It has finally happened. The baby is napping regularly — and I’m back to writing regularly! I was hesitant to declare victory at first, but it’s been a few weeks now, so I think it’s safe. Hooray! Imagine the cheers I’ve been doing. While continuing to teach with the baby has been great, writing is also a big part of who I am and I’ve missed it.
This week the major hurdle has been a particular scene with my main character’s mom. The scene as it currently reads is pretty blah: we get a slight feel for the mom’s character, but it doesn’t show us at all Wendy’s conflict with her mom.
So I decided to go back to the drawing board, sort of literally.
Last summer, when I created avatars of my characters, I only did the main ones. Like, the ones that show up on more than just two pages. When I started agonizing over the scene with the mom, I realized that I didn’t have a clear picture of her in my head.
As I mentioned in a post earlier this year about the movie Easy A, I believe how you portray the parents in young adult fiction is a crucial element to the story. I have been very turned off by flat parents in otherwise great books. And yet the parents in my own manuscript are incredibly flat! Oops. But I swear I’ve always meant to round them out; I never intended to leave them that way. This week I’ve finally started to get around to it.
While I was at it, I decided I better create every character that has a speaking line in my book. Suddenly my cast of eleven ballooned into eighteen portraits. The setup below shows the hierarchy: top tier = main characters, second row = secondary characters, third row = minor teenage characters, bottom = minor adult characters.
Some of them I tweaked from the original portrait, like Brianna and Abuelita, who needed just one or two different features. Some of them don’t even have names that are absolutely solidified. (Peter’s mom, currently labeled “Karen,” has been fluctuating the most, and the craggy-faced gnome doesn’t even get a name in the manuscript right now, so I threw “Vydin” on his picture just because those were the syllables that came to mind first.) And some of them, like “Mitch,” still don’t look right but are close enough for now.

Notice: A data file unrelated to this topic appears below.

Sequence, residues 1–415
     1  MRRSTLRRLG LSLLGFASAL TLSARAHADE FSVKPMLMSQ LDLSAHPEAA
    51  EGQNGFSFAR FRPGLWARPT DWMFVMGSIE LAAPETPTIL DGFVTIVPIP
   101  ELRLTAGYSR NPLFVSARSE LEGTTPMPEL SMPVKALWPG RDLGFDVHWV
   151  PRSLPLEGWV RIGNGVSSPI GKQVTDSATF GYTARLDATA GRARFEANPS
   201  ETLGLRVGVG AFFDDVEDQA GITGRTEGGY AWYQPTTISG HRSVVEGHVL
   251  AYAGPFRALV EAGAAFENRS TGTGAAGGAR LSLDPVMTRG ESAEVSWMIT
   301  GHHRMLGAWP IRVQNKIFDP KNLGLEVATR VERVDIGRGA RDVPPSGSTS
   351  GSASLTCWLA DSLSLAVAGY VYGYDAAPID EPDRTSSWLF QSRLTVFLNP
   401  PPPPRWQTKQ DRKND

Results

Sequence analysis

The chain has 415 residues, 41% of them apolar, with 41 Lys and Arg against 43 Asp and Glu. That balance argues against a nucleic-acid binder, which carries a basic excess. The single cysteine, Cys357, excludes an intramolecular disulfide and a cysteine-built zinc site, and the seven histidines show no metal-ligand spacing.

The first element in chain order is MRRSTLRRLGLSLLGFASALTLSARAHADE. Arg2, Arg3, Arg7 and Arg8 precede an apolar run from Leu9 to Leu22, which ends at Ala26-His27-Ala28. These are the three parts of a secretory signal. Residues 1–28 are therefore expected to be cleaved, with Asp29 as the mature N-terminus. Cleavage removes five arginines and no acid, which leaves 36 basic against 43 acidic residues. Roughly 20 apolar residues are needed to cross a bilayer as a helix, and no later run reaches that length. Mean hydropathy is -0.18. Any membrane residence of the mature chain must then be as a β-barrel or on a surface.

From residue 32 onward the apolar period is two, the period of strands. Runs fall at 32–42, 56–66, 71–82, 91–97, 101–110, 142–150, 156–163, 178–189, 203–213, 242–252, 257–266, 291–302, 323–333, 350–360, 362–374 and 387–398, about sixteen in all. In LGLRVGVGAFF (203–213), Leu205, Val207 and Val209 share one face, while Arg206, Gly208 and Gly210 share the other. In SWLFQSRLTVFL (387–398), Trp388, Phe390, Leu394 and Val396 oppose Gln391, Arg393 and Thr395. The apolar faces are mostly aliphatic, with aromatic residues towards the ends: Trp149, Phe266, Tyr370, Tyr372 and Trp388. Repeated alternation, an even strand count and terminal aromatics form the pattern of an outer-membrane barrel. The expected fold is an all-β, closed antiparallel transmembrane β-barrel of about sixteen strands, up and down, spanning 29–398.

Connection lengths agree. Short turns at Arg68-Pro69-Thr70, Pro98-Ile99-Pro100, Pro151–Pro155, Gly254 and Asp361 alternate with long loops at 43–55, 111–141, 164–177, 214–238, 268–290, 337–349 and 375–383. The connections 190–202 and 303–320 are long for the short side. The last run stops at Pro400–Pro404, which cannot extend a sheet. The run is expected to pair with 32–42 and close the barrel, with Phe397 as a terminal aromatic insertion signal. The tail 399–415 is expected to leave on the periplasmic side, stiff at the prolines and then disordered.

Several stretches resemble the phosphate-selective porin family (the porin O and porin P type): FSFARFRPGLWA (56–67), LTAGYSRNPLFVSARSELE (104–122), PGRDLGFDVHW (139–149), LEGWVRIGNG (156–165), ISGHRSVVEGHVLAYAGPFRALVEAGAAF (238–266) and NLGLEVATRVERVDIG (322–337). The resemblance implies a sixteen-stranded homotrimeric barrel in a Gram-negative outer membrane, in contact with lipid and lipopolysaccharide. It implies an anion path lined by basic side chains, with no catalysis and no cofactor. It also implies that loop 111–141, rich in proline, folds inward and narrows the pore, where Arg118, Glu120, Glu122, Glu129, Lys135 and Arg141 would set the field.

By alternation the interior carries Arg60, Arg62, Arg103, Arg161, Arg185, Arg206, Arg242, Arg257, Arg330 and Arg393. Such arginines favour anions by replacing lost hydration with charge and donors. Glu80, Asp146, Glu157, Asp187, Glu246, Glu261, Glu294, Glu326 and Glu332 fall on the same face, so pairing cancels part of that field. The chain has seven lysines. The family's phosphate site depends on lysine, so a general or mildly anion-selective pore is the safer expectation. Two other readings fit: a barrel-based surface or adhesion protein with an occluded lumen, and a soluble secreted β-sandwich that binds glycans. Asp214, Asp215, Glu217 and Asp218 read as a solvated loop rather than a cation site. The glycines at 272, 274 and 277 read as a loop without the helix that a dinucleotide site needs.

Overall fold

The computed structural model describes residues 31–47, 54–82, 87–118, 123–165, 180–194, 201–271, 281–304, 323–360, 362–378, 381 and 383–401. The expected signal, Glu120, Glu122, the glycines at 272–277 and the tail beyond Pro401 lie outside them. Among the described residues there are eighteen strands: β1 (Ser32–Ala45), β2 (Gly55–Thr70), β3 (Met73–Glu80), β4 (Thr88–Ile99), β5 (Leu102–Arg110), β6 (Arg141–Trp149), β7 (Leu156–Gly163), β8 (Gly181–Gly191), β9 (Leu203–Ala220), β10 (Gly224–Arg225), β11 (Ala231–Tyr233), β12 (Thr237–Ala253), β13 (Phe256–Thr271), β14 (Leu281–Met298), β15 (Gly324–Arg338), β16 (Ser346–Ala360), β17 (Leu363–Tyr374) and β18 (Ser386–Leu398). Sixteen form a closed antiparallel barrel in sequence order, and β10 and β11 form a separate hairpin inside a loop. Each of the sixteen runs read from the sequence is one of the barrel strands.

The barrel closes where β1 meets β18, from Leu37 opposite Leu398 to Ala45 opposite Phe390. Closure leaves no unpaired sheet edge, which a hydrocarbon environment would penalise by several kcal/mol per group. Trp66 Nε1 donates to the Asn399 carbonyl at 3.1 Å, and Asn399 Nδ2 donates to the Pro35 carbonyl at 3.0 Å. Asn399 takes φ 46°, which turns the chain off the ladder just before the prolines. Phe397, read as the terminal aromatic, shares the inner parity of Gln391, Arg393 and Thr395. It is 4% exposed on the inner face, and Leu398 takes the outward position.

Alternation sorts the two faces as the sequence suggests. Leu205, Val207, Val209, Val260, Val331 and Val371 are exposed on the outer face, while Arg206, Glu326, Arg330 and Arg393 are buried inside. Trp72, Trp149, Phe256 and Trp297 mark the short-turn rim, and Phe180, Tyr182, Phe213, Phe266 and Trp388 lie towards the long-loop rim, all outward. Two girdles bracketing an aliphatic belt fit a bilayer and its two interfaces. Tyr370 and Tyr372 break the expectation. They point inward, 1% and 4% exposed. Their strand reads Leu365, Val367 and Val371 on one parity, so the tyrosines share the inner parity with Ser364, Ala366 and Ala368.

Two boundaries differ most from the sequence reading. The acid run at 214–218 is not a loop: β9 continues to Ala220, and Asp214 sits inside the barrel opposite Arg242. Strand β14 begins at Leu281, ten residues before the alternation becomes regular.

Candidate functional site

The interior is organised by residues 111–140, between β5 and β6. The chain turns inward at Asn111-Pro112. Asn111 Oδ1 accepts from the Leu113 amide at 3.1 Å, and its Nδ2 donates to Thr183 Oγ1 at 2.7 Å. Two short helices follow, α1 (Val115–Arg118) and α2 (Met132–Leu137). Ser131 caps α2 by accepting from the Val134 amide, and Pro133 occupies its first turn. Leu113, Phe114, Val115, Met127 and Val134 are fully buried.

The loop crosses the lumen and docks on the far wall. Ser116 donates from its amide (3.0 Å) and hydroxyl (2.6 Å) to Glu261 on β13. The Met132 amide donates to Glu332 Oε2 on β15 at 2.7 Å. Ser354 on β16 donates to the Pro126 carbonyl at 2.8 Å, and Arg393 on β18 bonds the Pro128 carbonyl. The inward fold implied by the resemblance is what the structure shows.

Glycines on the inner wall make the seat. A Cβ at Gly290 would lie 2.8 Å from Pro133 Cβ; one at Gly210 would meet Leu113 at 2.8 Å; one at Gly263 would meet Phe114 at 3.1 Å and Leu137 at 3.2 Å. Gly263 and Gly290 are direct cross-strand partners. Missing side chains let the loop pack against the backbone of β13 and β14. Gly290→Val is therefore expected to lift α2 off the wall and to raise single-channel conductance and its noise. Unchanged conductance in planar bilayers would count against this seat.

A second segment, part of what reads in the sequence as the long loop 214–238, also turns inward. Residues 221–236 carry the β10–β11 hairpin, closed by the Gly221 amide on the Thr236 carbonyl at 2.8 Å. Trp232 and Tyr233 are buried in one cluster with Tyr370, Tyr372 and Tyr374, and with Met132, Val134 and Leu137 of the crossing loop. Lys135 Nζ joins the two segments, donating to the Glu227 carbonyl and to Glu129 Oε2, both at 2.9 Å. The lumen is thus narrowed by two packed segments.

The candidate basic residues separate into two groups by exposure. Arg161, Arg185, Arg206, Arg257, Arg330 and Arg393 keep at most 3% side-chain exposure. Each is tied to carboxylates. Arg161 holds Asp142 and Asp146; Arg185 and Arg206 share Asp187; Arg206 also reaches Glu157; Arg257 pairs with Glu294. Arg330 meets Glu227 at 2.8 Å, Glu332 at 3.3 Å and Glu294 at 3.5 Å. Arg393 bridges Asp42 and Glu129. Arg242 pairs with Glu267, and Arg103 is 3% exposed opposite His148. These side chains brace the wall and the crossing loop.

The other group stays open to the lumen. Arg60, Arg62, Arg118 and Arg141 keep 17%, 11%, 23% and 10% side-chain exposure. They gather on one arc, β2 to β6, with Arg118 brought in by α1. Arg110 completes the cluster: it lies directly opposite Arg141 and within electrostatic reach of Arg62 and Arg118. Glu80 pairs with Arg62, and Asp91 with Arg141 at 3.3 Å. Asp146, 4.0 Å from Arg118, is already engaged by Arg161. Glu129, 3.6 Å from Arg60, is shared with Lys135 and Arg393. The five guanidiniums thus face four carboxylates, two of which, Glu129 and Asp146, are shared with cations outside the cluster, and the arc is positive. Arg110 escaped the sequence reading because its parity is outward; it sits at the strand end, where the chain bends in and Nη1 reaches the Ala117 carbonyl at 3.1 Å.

It’s helping. There’s so much you can tell about a character by how they look. Once I can picture them, it’s easier to see how they might act and react in a given situation.
My next job is to try a tactic I heard on the radio last weekend, which is to come up with five adjectives for each character and have at least two of them be positive. Such a great way to make your characters complex. Wendy spends such a large chunk of the book upset with her dad that I want to be sure he has redeeming qualities too. Hopefully between the portraits, the adjective exercise, and all the scene blocking I’ve been working on, I can round out these minor characters of mine.
That is if I can quit getting distracted making avatars . . .
What can I say? My attention is starting to stray to my next book. While for other writers this might happen any time, for me I get so fully immersed in each manuscript I work on that I don’t think about the next one until I’m ready to push the current one out the door. So this is a good sign! It’ll give me more motivation to wrap up Wendy and the Lost Boys, especially since seeing these two new main characters makes me so excited to start working on their story.
They are going to be cool, let me tell you. But I’ll keep my ideas for them super secret until I have a full draft, probably by early 2012. Consider these avatars a sneak peek and an assurance that soon WLB will be off to solicit an agent.
In the mean time, I’d love your thoughts about minor characters in general. What are some of your favorite minor characters — especially favorite parent characters — in books or movies? What makes them great?